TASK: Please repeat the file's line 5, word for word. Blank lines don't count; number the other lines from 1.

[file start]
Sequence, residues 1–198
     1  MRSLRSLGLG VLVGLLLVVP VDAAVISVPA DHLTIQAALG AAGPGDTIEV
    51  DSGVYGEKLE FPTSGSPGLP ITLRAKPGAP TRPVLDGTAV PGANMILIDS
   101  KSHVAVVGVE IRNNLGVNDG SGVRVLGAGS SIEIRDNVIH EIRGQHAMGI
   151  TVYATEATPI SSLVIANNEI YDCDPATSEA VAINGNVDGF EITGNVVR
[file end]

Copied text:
   151  TVYATEATPI SSLVIANNEI YDCDPATSEA VAINGNVDGF EITGNVVR